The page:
I've never traveled abroad in the past. I live in the US, and am taking a vacation shortly to Italy. At this time, I'm trying to understand what additional fees will be incurred if I attempt to use a US-based credit card while traveling abroad.

I am ultimately trying to decide on how much cash to convert from USD to foreign currency when I take my trip. So, if I need to charge something to a credit card while in Italy, what additional fees will be charged to the card for each transaction?

Edit: I have multiple cards from multiple issuers, as well. Capital One/Visa, American Express, Citi/Visa. I have done some research and it seems that the Capital One card has "no foreign transaction fee". I am not sure if there would be other fees with using this card abroad. I know currency exchange is a big place they take advantage of you, but I'm not sure how that works with credit cards.

  • Matt - Which company are you with/who issued the card?
    – gef05
    Commented Jan 29, 2012 at 20:13
  • @gef05 Added some info about the credit cards in question.
    – Matt D
    Commented Jan 29, 2012 at 20:30
  • Do not convert to local currency in the USA. The US Banks give terrible exchange rates. Just go to an ATM in Italy and withdraw Euros there. Your bank may charge you a small fee, but the rate will be honest.
    – MattMcA
    Commented Jan 30, 2012 at 0:09

3 Answers 3


In the credit card fees disclosure they tell you how much they charge for a foreign currency transaction, it is usually 1-3%. Check with your card issuer the fee for your particular card (same issuers can have different fees for different cards).

If the transaction is in USD, then the credit card issuers don't charge fees (usually, that is, check with your issuer) but you'll pay much more because of the unfavorable exchange rate.

It is my personal experience that buying with credit cards is the cheapest way to convert money while traveling.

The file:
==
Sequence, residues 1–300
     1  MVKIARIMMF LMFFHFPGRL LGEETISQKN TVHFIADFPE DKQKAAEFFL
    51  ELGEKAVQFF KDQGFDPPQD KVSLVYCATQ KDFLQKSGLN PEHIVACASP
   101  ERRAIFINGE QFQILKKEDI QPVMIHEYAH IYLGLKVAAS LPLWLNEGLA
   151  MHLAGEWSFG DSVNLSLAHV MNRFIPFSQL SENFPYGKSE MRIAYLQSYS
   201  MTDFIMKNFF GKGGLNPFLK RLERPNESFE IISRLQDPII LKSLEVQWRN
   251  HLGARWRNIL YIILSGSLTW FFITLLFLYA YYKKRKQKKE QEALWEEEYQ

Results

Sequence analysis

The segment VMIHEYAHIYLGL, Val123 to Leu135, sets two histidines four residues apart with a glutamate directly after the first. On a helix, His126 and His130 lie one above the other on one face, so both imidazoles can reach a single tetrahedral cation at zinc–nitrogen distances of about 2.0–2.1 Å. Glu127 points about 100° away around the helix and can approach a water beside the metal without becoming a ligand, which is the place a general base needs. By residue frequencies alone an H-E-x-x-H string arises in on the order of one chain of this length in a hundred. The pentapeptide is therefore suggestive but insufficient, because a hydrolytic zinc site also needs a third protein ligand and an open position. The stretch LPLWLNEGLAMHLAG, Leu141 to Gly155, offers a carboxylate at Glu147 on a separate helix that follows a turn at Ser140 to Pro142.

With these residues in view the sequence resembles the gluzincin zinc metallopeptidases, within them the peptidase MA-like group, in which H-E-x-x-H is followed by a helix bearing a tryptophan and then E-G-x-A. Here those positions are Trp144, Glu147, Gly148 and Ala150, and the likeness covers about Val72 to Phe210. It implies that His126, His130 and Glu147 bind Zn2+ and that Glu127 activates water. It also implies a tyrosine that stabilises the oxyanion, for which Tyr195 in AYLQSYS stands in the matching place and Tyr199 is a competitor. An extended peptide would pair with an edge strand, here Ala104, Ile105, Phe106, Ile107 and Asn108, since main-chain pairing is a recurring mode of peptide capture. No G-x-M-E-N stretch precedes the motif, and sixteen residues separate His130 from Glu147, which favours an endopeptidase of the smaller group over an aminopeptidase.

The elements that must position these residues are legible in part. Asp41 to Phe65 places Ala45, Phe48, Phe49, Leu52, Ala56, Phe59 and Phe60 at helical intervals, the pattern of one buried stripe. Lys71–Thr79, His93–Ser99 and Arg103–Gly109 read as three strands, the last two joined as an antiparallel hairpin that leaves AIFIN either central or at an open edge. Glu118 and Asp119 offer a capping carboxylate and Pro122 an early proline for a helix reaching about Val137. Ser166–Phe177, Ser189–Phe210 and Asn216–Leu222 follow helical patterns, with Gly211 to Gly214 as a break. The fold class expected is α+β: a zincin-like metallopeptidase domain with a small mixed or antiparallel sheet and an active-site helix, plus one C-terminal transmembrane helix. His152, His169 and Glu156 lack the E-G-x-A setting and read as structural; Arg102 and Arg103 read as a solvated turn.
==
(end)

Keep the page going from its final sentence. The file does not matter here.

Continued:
• So, in the event that a credit card transaction is made in the foreign currency (not USD) and my card is a Capital One with no foreign transaction fee, does that mean I should theoretically not pay any additional fee/overhead?
    – Matt D
    Commented Jan 29, 2012 at 20:45
  • @MattD yes, but take a note of their conversion rate. I would try each at least once, and check online which one in the end provides the best rate (all and all, currency conversion and the usage fee together).
    – littleadv
    Commented Jan 29, 2012 at 21:35
  • 1
    (I know it's been seven years but) All of my cards that charge a foreign transaction fee do so based on the country of origin of the card, not on the currency of the transaction. So if you let the merchant do the conversion, you get hit twice: once by the poor exchange rate and once by the foreign transaction fee.
    – stannius
    Commented Jul 9, 2019 at 20:01

It depends on your credit card issuer. A 3% fee for foreign purchases is typical, but cards such as Capital One don't charge a fee.


None, if you use a card that waives these fees! Chase Sapphire Preferred for example.

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